For those who are leaving to go to school nursery (which for us can be anytime between 2-3yrs) we aren't going to do an extra report with grades, as a lot of these children will not long have had a 2yr progress check which does give a grade.

With both age ranges there are the highlighted Dev Matters sheets in every childs folder, so the teachers will be able to tell where they are from that.

For me the 30-50mth band is too broad and children can be within there for a long time, which for some parents seems like their little one isn't progressing when they are!

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Hi all

 

we had a last day yesterday :D (yay summer hols are here) however I do still have one question on my mind. We had are parent open morning and one of the parents were not so happy as we had graded their child lower than the other nursery that she attends.

 

Now obviously we feel the other nursery has either graded too high, or that the child reacts differently in the other setting. We have looked at the grades again and still feel that they are more than fair. We have stuck to our guns, the other setting has even said they can see why we have graded as we have, but parents a little unhappy.

 

So what do others do in this situation stick to your guns? grade to high as well so you are in line with the other setting? obviously parents are going to think that as the setting grading lower we are the ones 'in the wrong' rather than taking issue with the higher grading setting. Was just curious as others must have come across this situation and wondered what you all did.

 

have a wonderful summer everyone xxx

This is very interesting isnt it.....I work in more than one setting and in my primary setting we are quite "low markers" that is unless we know 100% that that child is there we dont tick. I always explain to parents that this isnt anything to worry about...if I was being observed during the week you wouldnt be able to tick the "can drive a car" box as I only drive at weekends...also I didnt learn to drive until I was almost 30 so if I was being graded by tables I probably wouldnt have a tick in the 18-25 year old box which is when most people do this! Another point though is that in some settings I have visited keyworkers seem t think that they need to be ticking boxes for development and havent grasped the "Prime areas" as the major focus for very small children....I have argued when working in such settings that it is not appropriate to plan in the baby room for maths etc...that the main focus should be on pse/phy/cll....if someone in a baby room has ticked a box saying child can do a mathematical level way above their age band then when they move to the next room and that ability doesnt appear to be there....it is very very hard for the new keyworker to explain why this is. Whenever we make a judgement statement we are subject to outside pressures.....government pressure to show progression/ parental pressures/ heirarchy pressures from our employers/ our own discourse on education...and then of course there are the children......who seem to exert the leas pressure on the process....when actually it should be all about them!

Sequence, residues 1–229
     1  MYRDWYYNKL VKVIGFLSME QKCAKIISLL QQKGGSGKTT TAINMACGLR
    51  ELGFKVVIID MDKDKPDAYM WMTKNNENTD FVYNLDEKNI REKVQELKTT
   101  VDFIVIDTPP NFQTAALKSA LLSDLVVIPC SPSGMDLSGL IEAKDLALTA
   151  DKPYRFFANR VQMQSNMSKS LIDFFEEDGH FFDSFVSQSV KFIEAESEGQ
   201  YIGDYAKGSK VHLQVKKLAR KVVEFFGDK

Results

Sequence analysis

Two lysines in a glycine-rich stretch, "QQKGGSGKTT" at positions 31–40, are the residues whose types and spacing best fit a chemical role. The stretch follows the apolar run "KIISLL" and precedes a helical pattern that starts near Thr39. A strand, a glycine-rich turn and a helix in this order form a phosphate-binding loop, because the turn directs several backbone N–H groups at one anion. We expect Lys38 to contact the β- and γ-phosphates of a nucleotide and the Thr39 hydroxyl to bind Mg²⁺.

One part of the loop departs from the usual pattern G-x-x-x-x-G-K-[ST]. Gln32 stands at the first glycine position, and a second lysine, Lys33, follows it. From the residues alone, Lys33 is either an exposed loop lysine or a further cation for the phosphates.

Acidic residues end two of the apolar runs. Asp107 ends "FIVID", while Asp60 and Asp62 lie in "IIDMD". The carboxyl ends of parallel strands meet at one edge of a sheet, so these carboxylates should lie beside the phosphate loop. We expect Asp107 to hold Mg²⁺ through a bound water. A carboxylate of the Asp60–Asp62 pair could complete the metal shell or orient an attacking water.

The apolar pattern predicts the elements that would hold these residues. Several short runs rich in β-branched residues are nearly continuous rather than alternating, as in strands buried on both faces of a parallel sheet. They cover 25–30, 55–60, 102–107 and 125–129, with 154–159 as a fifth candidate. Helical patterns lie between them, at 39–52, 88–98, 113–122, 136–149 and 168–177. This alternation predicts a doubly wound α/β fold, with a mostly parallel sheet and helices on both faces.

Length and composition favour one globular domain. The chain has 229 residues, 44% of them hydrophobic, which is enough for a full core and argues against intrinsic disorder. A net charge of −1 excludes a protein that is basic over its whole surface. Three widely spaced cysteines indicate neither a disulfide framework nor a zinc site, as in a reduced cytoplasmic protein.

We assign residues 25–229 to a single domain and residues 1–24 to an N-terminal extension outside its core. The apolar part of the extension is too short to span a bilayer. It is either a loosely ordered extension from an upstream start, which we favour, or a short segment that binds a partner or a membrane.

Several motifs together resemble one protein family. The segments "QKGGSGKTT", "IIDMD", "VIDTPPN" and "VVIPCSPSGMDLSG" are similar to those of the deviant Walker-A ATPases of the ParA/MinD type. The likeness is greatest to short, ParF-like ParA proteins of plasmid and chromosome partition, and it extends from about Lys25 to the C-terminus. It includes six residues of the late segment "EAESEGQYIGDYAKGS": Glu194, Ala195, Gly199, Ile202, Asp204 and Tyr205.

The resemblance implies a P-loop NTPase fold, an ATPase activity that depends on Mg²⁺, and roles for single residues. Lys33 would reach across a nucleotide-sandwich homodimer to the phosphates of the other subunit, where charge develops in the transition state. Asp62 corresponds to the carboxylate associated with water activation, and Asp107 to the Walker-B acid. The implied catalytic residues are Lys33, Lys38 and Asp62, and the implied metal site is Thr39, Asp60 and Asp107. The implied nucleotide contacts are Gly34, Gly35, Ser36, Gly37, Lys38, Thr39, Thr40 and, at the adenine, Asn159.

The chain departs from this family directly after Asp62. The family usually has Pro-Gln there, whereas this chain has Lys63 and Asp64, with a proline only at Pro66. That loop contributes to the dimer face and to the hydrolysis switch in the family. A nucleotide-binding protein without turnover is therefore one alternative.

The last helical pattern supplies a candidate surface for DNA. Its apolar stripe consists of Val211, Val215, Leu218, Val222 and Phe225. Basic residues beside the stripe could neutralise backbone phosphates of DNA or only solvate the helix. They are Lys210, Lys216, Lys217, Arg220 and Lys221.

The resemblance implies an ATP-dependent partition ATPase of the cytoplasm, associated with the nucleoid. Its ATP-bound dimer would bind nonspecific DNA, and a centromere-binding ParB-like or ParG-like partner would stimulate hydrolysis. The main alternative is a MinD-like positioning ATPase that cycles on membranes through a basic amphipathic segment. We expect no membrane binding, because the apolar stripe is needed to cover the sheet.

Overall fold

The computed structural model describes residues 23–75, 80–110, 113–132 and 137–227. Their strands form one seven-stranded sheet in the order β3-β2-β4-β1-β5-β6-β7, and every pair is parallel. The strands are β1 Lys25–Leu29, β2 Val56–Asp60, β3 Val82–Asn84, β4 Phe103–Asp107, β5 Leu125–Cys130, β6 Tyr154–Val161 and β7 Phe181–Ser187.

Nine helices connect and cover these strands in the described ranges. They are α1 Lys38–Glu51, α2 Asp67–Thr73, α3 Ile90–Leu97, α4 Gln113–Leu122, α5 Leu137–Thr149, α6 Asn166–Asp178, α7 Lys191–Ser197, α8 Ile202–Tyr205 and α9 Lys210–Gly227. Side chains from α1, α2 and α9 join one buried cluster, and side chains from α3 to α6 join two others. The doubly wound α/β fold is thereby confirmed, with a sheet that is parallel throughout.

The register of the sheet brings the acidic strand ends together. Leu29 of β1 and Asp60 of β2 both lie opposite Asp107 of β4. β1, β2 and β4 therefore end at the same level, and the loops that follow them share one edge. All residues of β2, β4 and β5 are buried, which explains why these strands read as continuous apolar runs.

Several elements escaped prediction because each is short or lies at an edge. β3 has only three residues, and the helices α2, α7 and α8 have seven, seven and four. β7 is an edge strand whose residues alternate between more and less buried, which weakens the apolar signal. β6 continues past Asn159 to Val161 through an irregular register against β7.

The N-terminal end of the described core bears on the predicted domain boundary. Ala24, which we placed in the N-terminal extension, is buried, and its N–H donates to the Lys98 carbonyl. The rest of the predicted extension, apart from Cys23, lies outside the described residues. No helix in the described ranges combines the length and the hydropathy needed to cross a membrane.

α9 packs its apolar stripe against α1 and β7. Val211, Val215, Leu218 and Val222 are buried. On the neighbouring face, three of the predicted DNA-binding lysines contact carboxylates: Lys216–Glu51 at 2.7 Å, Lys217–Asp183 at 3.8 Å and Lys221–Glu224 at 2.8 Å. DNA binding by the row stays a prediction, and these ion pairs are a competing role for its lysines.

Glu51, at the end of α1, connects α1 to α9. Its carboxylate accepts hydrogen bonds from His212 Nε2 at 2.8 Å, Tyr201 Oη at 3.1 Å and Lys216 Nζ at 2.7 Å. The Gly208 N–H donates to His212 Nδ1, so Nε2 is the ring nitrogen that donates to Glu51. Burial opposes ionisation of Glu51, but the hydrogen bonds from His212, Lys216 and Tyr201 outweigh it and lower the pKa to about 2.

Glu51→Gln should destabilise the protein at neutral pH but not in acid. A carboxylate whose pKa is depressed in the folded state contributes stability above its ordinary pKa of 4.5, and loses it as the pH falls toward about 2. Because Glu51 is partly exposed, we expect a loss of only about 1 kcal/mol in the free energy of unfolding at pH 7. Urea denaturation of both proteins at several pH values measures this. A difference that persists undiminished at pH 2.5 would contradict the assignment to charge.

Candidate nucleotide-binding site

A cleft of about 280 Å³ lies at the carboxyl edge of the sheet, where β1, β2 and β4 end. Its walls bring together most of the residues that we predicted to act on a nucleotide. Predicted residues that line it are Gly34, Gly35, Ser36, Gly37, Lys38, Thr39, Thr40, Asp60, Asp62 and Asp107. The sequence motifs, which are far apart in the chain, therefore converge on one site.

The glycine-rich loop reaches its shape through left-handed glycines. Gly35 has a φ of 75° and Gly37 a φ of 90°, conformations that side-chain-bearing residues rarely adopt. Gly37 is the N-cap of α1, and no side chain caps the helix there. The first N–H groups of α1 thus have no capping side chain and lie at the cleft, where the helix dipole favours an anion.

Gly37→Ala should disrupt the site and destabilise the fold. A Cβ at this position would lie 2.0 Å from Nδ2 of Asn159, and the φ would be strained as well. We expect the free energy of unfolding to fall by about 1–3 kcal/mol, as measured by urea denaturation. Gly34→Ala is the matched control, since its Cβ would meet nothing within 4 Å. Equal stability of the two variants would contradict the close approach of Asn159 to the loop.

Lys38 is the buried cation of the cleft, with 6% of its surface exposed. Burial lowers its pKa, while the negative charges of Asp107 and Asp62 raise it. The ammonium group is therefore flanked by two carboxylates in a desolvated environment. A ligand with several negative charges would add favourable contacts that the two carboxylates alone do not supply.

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we did take the 'grade' bit or link to EYFS off our obs thinking that the important part was what children did what the experience was, not grading it where essentially there is still an aspect of pass or fail which I do not agree with. We did put the age band links on the summary sheets as we thought this was expected.

 

However we will have to put the 'grading' back on the observations as this is something Ofsted picked us up on and demands we put back on!!!! :( each observation no matter how big or small has to have an analysis (despite we felt this being in the actual observation) and the EYFS age band link!!! :angry:

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Feel free to jump in and correct me if I am wrong here, but I have always laboured away under the impression that it isn't within Ofsted's remit to have an opinion on how you record observations etc, especially since the revised EYFS came into force which states that assessment should be based on observations of children, 'some of which may be recorded'. Conflicting indeed :(

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we did take the 'grade' bit or link to EYFS off our obs thinking that the important part was what children did what the experience was, not grading it where essentially there is still an aspect of pass or fail which I do not agree with. We did put the age band links on the summary sheets as we thought this was expected.